NASA is getting ready to conduct its first optical communications experiment aboard the ISS orbiting the Earth. The experiment is called the Optical Payload for Lasercomm Science or OPALS. The experiment payload will head to the ISS aboard the SpaceX mission set to launch to the station on April 14.
NASA is looking for ways to improve the communication of data from the ISS back to Earth as file sizes for content like HD video streaming from the ISS continues to increase. The experiment will try to send data back to Earth using laser beams that promise much higher data rates than existing technology supports.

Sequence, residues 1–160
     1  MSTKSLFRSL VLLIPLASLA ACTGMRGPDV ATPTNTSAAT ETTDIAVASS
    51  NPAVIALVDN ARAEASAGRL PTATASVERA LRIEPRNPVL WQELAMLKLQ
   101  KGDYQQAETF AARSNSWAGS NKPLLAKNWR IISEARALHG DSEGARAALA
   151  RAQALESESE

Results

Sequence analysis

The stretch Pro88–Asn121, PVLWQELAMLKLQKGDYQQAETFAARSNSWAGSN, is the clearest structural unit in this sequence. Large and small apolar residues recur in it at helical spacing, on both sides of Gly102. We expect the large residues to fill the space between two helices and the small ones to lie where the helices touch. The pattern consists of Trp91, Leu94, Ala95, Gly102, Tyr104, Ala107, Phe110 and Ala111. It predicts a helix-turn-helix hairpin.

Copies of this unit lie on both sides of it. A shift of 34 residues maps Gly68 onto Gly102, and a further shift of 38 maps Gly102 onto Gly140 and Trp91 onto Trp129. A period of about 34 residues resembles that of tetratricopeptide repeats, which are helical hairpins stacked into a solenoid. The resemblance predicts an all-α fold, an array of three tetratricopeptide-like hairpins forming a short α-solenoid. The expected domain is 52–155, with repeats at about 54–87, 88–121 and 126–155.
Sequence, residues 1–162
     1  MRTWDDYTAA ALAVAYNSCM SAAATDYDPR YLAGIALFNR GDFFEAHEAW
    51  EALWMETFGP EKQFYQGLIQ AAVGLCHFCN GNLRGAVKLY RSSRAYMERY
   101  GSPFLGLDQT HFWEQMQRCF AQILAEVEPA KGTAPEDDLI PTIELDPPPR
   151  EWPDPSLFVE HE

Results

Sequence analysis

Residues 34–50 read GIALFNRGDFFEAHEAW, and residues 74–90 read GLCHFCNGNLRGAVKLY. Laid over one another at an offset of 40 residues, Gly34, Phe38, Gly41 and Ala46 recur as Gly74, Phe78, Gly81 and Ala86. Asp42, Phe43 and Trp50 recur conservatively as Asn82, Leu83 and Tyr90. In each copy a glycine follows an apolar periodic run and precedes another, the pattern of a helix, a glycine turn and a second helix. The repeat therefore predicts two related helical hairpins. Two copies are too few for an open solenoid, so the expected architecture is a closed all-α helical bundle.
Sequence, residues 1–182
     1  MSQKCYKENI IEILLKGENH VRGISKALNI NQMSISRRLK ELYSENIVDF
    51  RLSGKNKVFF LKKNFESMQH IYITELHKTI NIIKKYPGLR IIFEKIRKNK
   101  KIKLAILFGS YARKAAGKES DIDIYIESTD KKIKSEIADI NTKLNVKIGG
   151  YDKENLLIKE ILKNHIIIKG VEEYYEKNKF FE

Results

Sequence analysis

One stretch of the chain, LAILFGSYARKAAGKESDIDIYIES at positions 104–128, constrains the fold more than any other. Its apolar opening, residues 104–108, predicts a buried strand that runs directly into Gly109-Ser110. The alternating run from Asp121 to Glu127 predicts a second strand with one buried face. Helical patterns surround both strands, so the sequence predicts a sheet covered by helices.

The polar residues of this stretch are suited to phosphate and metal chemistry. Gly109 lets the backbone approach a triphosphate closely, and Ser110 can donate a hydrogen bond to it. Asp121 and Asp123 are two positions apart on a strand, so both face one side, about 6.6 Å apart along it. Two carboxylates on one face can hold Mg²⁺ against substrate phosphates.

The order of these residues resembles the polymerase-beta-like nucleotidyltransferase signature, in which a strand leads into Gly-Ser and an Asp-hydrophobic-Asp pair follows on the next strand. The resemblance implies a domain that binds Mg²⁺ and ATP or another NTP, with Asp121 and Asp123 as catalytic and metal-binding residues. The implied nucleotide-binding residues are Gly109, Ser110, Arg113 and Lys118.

The technology used in the experiment operates in a frequency band that is unregulated by the FCC. If the experiment is successful, this laser technology could be used for deep space missions in the future. NASA says that its current deep space missions transmit data at 200 to 400 Kbps. OPALS tech will offer data transmission speeds at up to 50 Mbps.
A future deep space optical communications system will push the transfer rates for data up to over 1 Gbps for data sent from Mars. NASA says that the OPALS system will be like upgrading from dial-up to DSL in your home. OPALS tech will be aboard the SpaceX mission that is taking other supplies to the station. OPALS uses off the shelf hardware that is enclosed in a pressurized container. The OPLAS system was first announced in February 2013.